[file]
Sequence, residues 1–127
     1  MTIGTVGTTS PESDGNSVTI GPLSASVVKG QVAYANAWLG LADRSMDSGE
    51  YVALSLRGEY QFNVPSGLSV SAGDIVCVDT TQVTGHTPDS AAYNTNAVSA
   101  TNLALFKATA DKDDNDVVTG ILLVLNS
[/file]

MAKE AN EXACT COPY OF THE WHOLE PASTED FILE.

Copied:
Sequence, residues 1–127
     1  MTIGTVGTTS PESDGNSVTI GPLSASVVKG QVAYANAWLG LADRSMDSGE
    51  YVALSLRGEY QFNVPSGLSV SAGDIVCVDT TQVTGHTPDS AAYNTNAVSA
   101  TNLALFKATA DKDDNDVVTG ILLVLNS